Do you have a mortgage? Find out more about your rights here
In a previous article we analysed the pre-contractual obligations of banks in relation to Consumer Mortgages which are secured by a mortgage. In this article we analyse some of the other obligations which banks owe to a Consumer in accordance with Law 41 (I)/2017 on Credit Contracts for Consumers relating to Residential Immovable Property Law of 2017 as well as obligations stemming from loans in a foreign currency.
1) Review Period of the Credit Agreement
Prior to the conclusion of the credit agreement, the creditor provides the consumer with a review period of 15 working days which are calculated from the day of providing a binding offer to the consumer, so that the consumer has enough time to compare the offers, assess their consequences and make an informed decision. This offer is binding on the creditor for the duration of the review period and the consumer may not accept the offer before the first 5 working days of the review period have elapsed.
2) Right of Withdrawal After the Signing of the Agreement
The consumer has the right to withdraw within 5 working days from the signing of the agreement, without compensation and without stating a reason unless he disburses any amount before the expiration of the deadline.
3) Debt Rate Changes
The Bank is obliged to inform the consumer by written notice or other fixed means of any change in the debit interest rate before the entry into force of the new interest rate.
The creditor provides a reasonable period of tolerance before initiating debt settlement and sale procedures to recover debts.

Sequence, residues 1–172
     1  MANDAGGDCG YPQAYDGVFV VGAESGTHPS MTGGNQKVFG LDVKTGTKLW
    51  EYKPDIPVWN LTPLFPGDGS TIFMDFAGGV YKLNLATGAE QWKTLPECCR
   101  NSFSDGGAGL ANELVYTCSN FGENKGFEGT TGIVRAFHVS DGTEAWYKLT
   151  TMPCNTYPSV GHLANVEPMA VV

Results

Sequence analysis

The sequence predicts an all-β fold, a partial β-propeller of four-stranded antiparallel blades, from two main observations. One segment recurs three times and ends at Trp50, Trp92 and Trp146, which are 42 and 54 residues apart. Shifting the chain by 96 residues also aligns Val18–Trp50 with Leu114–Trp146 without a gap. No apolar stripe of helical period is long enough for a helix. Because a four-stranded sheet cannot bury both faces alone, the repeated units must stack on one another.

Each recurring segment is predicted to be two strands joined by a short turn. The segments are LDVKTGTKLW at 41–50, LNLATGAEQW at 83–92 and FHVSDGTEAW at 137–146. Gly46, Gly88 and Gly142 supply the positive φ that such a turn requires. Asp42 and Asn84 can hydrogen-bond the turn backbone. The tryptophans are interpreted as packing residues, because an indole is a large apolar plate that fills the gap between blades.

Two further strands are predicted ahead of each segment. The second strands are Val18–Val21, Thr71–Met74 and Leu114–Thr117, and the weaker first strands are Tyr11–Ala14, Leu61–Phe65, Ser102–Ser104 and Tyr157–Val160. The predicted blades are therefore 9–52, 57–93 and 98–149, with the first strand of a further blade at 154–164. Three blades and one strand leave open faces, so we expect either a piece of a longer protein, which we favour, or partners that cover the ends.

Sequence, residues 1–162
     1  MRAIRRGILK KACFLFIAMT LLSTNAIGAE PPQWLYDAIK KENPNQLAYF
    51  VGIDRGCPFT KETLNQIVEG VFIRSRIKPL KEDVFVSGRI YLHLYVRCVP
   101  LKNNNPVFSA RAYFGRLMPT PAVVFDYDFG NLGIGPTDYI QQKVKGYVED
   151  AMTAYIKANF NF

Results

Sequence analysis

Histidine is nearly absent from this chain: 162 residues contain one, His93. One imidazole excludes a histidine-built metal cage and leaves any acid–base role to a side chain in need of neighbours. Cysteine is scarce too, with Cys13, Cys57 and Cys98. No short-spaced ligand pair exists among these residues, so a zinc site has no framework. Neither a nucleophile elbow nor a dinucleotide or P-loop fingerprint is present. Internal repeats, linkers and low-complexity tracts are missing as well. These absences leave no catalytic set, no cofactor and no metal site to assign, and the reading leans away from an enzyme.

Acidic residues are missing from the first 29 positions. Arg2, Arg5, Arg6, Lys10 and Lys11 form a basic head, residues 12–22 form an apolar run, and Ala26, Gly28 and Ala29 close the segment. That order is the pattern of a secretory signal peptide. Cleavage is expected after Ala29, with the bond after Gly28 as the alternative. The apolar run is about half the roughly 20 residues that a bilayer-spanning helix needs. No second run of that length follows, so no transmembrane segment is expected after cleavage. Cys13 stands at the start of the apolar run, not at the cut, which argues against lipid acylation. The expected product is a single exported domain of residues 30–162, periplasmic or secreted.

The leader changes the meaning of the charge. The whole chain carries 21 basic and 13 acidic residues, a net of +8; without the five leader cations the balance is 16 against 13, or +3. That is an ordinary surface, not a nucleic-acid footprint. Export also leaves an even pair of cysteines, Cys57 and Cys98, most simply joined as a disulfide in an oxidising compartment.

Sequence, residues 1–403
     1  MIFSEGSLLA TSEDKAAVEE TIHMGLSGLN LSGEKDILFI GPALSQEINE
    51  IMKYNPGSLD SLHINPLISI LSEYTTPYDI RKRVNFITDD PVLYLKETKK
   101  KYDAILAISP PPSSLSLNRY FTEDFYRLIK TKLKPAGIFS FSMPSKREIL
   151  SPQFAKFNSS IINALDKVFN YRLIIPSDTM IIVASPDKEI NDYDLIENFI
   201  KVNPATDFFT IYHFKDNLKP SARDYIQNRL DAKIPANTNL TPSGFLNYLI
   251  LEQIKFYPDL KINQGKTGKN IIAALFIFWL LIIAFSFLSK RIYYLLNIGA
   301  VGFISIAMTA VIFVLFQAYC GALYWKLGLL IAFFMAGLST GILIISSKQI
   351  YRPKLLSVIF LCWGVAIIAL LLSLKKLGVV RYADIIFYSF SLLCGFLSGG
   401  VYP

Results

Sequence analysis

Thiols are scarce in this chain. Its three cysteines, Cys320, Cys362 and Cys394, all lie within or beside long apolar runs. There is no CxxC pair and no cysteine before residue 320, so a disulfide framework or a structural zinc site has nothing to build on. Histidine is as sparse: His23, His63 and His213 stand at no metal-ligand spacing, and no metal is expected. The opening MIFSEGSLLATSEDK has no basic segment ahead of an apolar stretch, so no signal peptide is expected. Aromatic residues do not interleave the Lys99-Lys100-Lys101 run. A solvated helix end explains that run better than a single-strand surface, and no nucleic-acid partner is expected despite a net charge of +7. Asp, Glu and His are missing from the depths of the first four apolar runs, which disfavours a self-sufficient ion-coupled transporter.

Foreign Currency Loans
The cases of loans in a foreign currency deserve special mention.
Before concluding a credit agreement for a foreign currency loan, the creditor asks the consumer to provide information about his/her knowledge and experience in relation to the foreign exchange risk involved in the proposed credit agreement, so that the creditor can assess whether the intended credit agreement is appropriate for that consumer and that the consumer is able to assess the risk involved and the potential impact.
In the event that the creditor considers, on the basis of this information, that the intended credit agreement is not appropriate for the consumer in question and/or that the consumer is unable to assess the risk involved in the intended agreement and its potential impact, then the creditor should warn the consumer about this. The warning may be provided in a standard format.
In the event that a credit agreement concerns a loan in a foreign currency, the creditor, at the time that the agreement is concluded, will have to fulfill one of the two obligations.
The first is that the consumer has the right to convert the contract into an alternative currency, meaning that, in the event that the consumer’s obligations under the credit agreement are secured by a guarantee or other security agreement (i) any such guarantor agrees in writing to the conversion into an alternative currency or (ii) where the consent of the guarantor is not provided, then that the conversion into an alternative currency is made under such conditions as may be agreed between the creditor and the consumer. It is noted that in such a case, the exchange rate at which the conversion is made is the exchange rate applicable on the day of the conversion, unless otherwise provided in the credit agreement.
Alternative currency is the currency in which the consumer receives his income or retains the assets from which the credit is to be repaid, as indicated by his most recent creditworthiness assessment. The creditor can determine if the consumer has both options or only one of them.
The second is that the foreign exchange risk to which the consumer is exposed is hedged throughout its duration by a financial hedging instrument, listed for trading on a regulated market.
This article has been prepared by the Cyprus Consumer Center for Alternative Dispute Resolution and is co-financed by the European Union under the Consumer Program (2014-2020).
The Cyprus Consumer Center for Alternative Dispute Resolution is a Body approved by the Consumer Protection Service and notified to the European Commission.